The biggest truth to face now – what is probably making me unfunny now for the remainder of my life – is that I don’t think people give a damn whether the planet goes on or not. It seems to me as if everyone is living as members of Alcoholics Anonymous do, day by day. And a few more days will be enough. I know of very few people who are dreaming of a world for their grandchildren.  

Many years ago I was so innocent I still considered it possible that we could become the humane and reasonable America so many members of my generation used to dream of. We dreamed of such an America during the Great Depression, when there were no jobs. And then we fought and often died for that dream during the second world war, when there was no peace.  

But I know now that there is not a chance in hell of America becoming humane and reasonable. Because power corrupts us, and absolute power corrupts us absolutely. Human beings are chimpanzees who get crazy drunk on power. By saying that our leaders are power-drunk chimpanzees, am I in danger of wrecking the morale of our soldiers fighting and dying in the Middle East? Their morale, like so many lifeless bodies, is already shot to pieces. They are being treated, as I never was, like toys a rich kid got for Christmas.  

Human beings have had to guess about almost everything for the past million years or so. The leading characters in our history books have been our most enthralling, and sometimes our most terrifying, guessers.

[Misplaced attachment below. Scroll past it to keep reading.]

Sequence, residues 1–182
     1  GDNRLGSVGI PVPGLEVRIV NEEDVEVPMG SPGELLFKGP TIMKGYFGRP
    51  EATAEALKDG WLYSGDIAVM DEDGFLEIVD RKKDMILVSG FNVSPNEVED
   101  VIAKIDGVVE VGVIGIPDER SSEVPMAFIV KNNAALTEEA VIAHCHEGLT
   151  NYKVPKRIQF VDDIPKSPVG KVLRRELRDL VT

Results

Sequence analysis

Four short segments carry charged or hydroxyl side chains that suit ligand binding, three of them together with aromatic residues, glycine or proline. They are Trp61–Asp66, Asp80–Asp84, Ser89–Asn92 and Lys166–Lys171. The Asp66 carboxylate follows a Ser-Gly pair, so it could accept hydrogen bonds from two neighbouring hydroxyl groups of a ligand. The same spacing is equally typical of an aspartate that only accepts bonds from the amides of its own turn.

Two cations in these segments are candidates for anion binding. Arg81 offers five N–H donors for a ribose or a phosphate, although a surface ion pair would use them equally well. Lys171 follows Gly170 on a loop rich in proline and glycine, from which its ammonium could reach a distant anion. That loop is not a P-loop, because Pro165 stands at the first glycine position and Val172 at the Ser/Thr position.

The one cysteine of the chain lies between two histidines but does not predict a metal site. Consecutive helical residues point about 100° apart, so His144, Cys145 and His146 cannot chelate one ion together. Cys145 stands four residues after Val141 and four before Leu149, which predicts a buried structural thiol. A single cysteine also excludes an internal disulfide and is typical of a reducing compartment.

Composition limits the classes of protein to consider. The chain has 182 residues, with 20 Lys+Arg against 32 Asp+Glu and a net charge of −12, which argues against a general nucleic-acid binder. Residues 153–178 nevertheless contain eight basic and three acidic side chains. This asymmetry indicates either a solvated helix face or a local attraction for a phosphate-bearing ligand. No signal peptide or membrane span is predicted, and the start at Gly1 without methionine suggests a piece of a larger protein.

May I name two of them? Aristotle and Hitler.

One good guesser and one bad one.

And the masses of humanity through the ages, feeling inadequately educated just like we do now, and rightly so, have had little choice but to believe this guesser or that one.  

Russians who didn’t think much of the guesses of Ivan the Terrible, for example, were likely to have their hats nailed to their heads.  

We must acknowledge that persuasive guessers, even Ivan the Terrible, now a hero in the Soviet Union, have sometimes given us the courage to endure extraordinary ordeals which we had no way of understanding. Crop failures, plagues, eruptions of volcanoes, babies being born dead – the guessers often gave us the illusion that bad luck and good luck were understandable and could somehow be dealt with intelligently and effectively. Without that illusion, we all might have surrendered long ago.